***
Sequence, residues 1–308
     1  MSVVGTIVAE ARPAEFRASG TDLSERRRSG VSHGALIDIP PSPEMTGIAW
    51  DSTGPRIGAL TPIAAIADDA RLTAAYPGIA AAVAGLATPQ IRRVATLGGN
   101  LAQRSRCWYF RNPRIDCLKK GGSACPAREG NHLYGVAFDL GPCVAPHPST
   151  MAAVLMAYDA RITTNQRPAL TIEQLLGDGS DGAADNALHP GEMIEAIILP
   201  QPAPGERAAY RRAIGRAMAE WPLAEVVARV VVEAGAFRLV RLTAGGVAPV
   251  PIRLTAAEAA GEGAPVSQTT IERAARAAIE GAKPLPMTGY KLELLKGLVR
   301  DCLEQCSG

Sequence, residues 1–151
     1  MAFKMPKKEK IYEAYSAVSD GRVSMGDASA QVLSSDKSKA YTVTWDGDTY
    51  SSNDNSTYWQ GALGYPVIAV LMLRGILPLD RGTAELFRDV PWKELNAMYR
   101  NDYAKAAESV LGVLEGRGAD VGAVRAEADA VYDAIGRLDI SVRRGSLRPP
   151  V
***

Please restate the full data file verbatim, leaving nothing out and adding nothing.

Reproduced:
Sequence, residues 1–308
     1  MSVVGTIVAE ARPAEFRASG TDLSERRRSG VSHGALIDIP PSPEMTGIAW
    51  DSTGPRIGAL TPIAAIADDA RLTAAYPGIA AAVAGLATPQ IRRVATLGGN
   101  LAQRSRCWYF RNPRIDCLKK GGSACPAREG NHLYGVAFDL GPCVAPHPST
   151  MAAVLMAYDA RITTNQRPAL TIEQLLGDGS DGAADNALHP GEMIEAIILP
   201  QPAPGERAAY RRAIGRAMAE WPLAEVVARV VVEAGAFRLV RLTAGGVAPV
   251  PIRLTAAEAA GEGAPVSQTT IERAARAAIE GAKPLPMTGY KLELLKGLVR
   301  DCLEQCSG

Sequence, residues 1–151
     1  MAFKMPKKEK IYEAYSAVSD GRVSMGDASA QVLSSDKSKA YTVTWDGDTY
    51  SSNDNSTYWQ GALGYPVIAV LMLRGILPLD RGTAELFRDV PWKELNAMYR
   101  NDYAKAAESV LGVLEGRGAD VGAVRAEADA VYDAIGRLDI SVRRGSLRPP
   151  V